While they are relatively unknown to the public, PAHs—a class of chemical contaminants - have been shown to cause high rates of lesions and tumors on bottom-dwelling fish in at least two Bay tributaries: the Anacostia and Elizabeth rivers.

PAHs, or polynuclear aromatic hydrocarbons, are formed when coal, gasoline and fuel oil are burned. They are also a major component of tar and coal-tar based products. Specific sources of PAHs include:

  • Automobile exhaust.
  • Leaking motor oil.
  • Broken-up driveway and parking lot material.
  • Tire particles.
  • Smoke from oil-, coal- and wood-burning stoves, as well as smoke from cigarettes.
  • Soot from domestic and industrial practices.

In particular, coal-tar based driveway and parking lot sealants are a significant source of PAHs to the environment.

According to a study by the U.S. Geological Survey (USGS) in Austin, Texas, the average yield of PAHs from sealed parking lots was 50 times greater than that from unsealed lots. Estimates from this study indicate that total loads of PAHs coming from parking lots in the watersheds studied would be reduced to about one-tenth of their current loads if all of the parking lots were unsealed.

PAHs enter water bodies through run off from roads, driveways and parking lots into the closest storm water drain. Like PCBs, PAHs attach to sediment in water, where they are known to be toxic to plankton and bottom-dwelling organisms such as oysters and some fish.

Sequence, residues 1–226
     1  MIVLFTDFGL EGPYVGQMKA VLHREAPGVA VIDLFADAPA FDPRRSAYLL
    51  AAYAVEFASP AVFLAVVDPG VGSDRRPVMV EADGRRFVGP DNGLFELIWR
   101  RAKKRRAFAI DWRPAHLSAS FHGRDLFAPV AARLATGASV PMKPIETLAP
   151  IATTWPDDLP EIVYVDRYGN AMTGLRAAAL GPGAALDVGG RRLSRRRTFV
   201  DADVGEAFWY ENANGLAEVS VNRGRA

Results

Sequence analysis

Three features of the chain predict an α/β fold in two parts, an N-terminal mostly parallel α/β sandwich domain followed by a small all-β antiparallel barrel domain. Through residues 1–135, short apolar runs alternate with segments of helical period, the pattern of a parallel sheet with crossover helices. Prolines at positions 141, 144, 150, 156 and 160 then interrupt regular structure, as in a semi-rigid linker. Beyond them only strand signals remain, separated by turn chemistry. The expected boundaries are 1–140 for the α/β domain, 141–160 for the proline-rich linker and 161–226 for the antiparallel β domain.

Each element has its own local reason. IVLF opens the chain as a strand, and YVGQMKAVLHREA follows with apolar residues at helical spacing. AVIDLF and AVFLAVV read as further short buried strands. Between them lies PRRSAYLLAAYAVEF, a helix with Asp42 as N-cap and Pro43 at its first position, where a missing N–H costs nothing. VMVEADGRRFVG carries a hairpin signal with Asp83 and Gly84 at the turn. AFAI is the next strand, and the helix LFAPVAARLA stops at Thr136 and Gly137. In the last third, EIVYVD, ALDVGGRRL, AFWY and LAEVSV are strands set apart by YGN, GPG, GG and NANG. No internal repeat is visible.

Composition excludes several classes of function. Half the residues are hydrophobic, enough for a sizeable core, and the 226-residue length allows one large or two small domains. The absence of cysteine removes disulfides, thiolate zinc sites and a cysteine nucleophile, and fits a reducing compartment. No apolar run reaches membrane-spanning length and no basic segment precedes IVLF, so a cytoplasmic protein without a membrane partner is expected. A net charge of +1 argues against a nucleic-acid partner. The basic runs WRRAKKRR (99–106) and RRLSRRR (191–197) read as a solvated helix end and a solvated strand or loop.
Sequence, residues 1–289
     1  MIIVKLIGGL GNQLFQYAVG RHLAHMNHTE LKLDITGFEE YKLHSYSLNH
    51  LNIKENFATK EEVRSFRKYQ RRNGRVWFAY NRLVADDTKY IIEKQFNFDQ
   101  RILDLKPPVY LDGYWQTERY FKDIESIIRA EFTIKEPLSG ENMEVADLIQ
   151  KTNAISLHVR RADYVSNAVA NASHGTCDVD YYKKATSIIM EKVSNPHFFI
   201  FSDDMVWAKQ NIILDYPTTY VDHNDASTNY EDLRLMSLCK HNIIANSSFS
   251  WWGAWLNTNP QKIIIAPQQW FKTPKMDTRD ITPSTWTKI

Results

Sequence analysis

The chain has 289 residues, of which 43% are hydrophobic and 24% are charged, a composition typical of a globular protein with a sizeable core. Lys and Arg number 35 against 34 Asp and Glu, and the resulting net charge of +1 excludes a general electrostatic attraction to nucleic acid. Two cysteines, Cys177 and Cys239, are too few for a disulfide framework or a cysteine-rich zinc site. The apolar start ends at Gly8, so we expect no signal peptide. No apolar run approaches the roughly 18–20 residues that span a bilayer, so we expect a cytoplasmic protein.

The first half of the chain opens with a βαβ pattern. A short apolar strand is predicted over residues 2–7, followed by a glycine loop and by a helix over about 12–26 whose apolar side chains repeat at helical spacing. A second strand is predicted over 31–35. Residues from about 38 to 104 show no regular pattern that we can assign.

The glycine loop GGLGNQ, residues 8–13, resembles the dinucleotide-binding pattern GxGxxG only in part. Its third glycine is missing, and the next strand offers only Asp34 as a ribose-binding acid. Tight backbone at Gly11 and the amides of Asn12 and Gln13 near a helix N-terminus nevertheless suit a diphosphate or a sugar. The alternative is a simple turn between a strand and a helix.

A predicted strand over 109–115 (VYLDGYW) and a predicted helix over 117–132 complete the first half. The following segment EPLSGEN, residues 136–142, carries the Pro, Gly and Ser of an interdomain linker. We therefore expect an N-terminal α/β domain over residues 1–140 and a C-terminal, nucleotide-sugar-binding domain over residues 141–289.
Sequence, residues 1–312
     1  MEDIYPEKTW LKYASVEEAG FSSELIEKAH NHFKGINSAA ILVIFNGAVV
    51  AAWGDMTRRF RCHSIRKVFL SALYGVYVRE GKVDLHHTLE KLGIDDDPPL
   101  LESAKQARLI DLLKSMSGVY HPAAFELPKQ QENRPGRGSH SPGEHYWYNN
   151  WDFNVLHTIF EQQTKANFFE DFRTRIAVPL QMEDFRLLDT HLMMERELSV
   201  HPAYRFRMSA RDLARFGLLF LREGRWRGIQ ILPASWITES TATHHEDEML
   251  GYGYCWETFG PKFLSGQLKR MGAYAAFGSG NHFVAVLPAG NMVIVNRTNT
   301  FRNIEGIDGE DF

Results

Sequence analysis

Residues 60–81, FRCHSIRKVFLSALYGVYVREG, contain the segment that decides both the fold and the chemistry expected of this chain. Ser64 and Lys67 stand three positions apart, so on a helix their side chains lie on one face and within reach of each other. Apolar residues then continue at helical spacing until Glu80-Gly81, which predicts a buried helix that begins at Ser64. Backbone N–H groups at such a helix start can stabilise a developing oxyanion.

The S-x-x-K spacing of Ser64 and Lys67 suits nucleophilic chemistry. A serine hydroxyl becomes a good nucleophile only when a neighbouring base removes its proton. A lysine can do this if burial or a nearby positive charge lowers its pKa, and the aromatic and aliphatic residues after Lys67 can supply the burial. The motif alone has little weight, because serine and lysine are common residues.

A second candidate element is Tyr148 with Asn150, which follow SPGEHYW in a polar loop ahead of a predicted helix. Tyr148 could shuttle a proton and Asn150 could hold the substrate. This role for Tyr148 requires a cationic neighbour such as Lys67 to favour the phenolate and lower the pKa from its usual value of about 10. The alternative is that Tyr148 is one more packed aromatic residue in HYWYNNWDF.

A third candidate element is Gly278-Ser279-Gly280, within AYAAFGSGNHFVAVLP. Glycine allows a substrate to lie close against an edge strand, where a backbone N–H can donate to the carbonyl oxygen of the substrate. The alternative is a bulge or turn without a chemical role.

Population growth and development are recognized as specific causes of PAH contamination of sediments. The USGS National Water Quality Assessment Program found that the most rapid increases of PAH collection in sediments were found in areas undergoing urban sprawl and increases in motor vehicle traffic.

Tumors and lesions found on fish in two Bay tributaries have been linked to high PAH concentrations.

In a study by the U.S. Fish and Wildlife Service (USFWS), between 50 and 60 percent of fish collected from the Anacostia River had liver tumors. These rates are alarming, as scientists consider an area with a liver tumor rate of more than 5 percent to be highly contaminated. Tests on fish tissues and bottom sediments suggest that exposure to PAHs is likely responsible for the tumors.

A related study examined the effects of PAH-contaminated sediments on mummichogs in Virginia's Elizabeth River. The study showed a strong correlation between tumors and liver lesions in mummichogs and PAH concentrations in the river.

Scientists are also taking a close look at the South River, located in Anne Arundel County, Maryland. In a 2005 study by the USFWS, 53 percent of brown bullheads had visible skin tumors and 20 percent had liver tumors. However, monitoring data for the South River do not show high PAH concentrations in bottom sediments.

Since the USGS study that found coal-tar sealants are a major source of PAHs, the city of Austin, Texas, has banned these sealants from use on parking lots. While there are no federal regulations against coal tar use in products, consumers can instead choose for their own driveways asphalt-based sealants, which contain significantly less PAHs.




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